Pregnancy and Myoma
The frequency of myoma in 20-25% of women in the normal population is also valid during pregnancy. Whether myoma will cause a problem during pregnancy depends on the time of diagnosis, firstly the location of myoma or myomas, and then their number and size.
Before talking about myoma complications that may occur during pregnancy, you should know that you will not experience complications mostly related to myomas. Only 10% of women with myoma are likely to encounter any problems during pregnancy. These problems can range from pain that will not even need pain relief to premature birth or bleeding threatening the life of mother and baby.
Potential Problems in Pregnancy and Myoma
The main problems that we may encounter during pregnancy and myoma are:
1) inability to conceive or repeated miscarriages especially in submucosal myoma,
2) Threat of preterm birth by bleeding behind the placenta in cases where myoma is located behind the placenta or by initiating spontaneous contraction in the mid-gestation period (20-24 weeks) when the growth rate increases,
3) if the placenta is located on the myoma, the back of the placenta (ablation placenta: detachment bleeding),
4) Increased caesarean rate due to obstruction of the baby’s birth tract with the myoma located in the uterus lower segments or preventing the baby’s head placement and breeding or lateral posture (bleeding behind the placenta also requires caesarean due to vital necessities),
5) After delivery, the contraction mechanism of the uterus due to myoma may be impaired (postpartum haemorrhage: atony bleeding) or if it sticks to the placenta in the presence of myoma behind the placenta, the placenta may not come out and cause severe bleeding.
6) Due to the natural increase in estrogen, the primary nutritional source of myoma, especially in the first half of pregnancy, due to the rapid growth of myoma, they can cause pain that develops due to the degeneration caused by necrosis areas in the myoma. Pregnant women with fibroids or fibroids should definitely evaluate the pain in detail before connecting it to degeneration; It should be ensured that there is no bleeding behind the placenta, the threat of preterm labour or a surgical emergency independent of pregnancy. Therefore, it will be appropriate to be in contact with your physician in any pain.
Often the woman conceived without knowing the existence of myoma before pregnancy. The extent to which myoman will affect pregnancy is of course related to the location, number and size of the myoma. However, evacuation of pregnancy will be too aggressive in a matter of 10% probability. Pregnancy; It would be much more rational to follow up and not terminate the patient by increasing the frequency of follow-up and informing the patient about the details. If pregnancy ends for a reason that we are sure that it is due to myoma during pregnancy, myomectomy can be performed before the next pregnancy.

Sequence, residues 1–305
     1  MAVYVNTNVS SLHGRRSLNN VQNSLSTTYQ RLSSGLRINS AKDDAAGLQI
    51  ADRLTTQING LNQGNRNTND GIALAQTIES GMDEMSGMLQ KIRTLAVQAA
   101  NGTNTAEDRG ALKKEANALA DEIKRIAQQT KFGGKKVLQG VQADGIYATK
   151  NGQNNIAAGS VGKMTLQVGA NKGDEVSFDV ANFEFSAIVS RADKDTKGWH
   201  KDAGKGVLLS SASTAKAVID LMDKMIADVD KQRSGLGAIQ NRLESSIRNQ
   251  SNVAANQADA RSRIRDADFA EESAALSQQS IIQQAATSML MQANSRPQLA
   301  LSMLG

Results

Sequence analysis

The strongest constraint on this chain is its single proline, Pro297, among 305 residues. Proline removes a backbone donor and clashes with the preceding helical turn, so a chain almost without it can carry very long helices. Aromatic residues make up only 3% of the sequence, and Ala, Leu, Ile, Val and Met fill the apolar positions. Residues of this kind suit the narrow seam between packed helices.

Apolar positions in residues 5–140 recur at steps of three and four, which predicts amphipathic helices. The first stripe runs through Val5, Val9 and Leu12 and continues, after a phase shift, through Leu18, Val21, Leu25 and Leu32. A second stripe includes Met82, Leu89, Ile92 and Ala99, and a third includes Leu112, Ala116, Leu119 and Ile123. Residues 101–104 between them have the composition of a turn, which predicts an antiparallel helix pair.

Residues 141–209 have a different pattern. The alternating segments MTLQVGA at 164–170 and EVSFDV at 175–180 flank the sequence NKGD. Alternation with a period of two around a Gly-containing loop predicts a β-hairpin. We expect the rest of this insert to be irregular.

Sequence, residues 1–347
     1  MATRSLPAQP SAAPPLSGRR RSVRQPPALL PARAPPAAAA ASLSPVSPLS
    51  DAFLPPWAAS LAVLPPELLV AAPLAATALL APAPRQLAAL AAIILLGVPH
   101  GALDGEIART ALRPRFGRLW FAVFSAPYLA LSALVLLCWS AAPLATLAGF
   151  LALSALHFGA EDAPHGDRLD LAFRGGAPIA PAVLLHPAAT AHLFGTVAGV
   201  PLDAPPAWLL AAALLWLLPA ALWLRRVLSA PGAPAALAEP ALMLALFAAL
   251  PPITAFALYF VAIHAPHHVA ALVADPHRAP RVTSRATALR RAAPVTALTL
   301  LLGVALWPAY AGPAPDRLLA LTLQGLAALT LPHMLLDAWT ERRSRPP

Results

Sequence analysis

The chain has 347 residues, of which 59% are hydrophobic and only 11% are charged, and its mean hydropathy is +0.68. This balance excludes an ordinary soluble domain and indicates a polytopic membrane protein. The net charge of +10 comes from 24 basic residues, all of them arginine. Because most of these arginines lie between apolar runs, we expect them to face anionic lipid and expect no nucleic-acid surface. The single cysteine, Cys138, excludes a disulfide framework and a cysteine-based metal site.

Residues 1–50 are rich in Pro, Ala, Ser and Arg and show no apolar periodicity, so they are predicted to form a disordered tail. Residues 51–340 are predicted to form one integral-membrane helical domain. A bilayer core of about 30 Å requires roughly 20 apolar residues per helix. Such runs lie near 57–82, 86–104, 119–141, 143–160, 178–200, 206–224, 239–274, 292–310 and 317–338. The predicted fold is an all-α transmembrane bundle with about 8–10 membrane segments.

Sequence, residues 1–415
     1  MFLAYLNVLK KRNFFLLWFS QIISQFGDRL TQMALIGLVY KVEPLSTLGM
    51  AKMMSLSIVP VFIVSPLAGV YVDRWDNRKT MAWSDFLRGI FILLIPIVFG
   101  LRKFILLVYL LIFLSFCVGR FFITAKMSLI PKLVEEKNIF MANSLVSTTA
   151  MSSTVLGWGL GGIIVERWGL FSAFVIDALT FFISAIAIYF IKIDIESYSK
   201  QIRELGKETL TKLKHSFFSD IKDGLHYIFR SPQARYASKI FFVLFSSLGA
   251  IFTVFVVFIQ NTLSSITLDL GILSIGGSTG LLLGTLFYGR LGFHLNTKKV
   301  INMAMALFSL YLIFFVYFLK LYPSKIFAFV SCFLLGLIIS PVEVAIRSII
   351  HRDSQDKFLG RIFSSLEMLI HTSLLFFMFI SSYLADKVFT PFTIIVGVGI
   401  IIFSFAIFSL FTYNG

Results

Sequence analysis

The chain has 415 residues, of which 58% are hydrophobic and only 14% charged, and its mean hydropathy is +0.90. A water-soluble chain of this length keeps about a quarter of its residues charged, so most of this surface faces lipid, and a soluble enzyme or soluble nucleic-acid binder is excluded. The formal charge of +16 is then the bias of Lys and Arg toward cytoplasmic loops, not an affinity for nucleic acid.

If the woman has been diagnosed with myoma in her pre-pregnancy checkups, she should be informed in detail about pregnancy and myoma, and the decision to operate should be avoided, except for submucosal myomas and intramural myomas that exert significant pressure on the endometrium. The size of the myomas can also be decided together with their location. In infertile couples scheduled for microinjection, myomectomy decision can be made a little more frequently, but it will be appropriate to perform 6 months before pregnancy. It should be remembered that patients may experience pregnancy difficulties due to adhesions (adhesions) occurring in the abdomen after myomectomy operations. Depending on the size and location of myoma, laparotomy, laparoscopy or hysteroscopy may be preferred for myomectomy.
What should be the mode of delivery after myomectomy?
If only subserosal myoma has been removed and the uterine muscle tissue has not been subjected to a deep incision, normal delivery can be attempted. However, during contractions, the rupture of the uterus (the possibility of rupture) should always be kept in mind and the action should be monitored very carefully. Cesarean application after myomectomy operations will be a much safer delivery method. If myoma has been removed from the inside of the uterus (intramural) or just under the uterus (submucosal), it is logical to terminate the pregnancy by cesarean.
One of the most common issues is whether myomas will be removed in the cesarean order. In very special cases, however, this process is safe in thin-stemmed subserosal myomas. Apart from this, trying to get myoma from the uterus that has just gotten out of pregnancy and trying to recover will be a very haemorrhagic procedure and it is not appropriate to do it.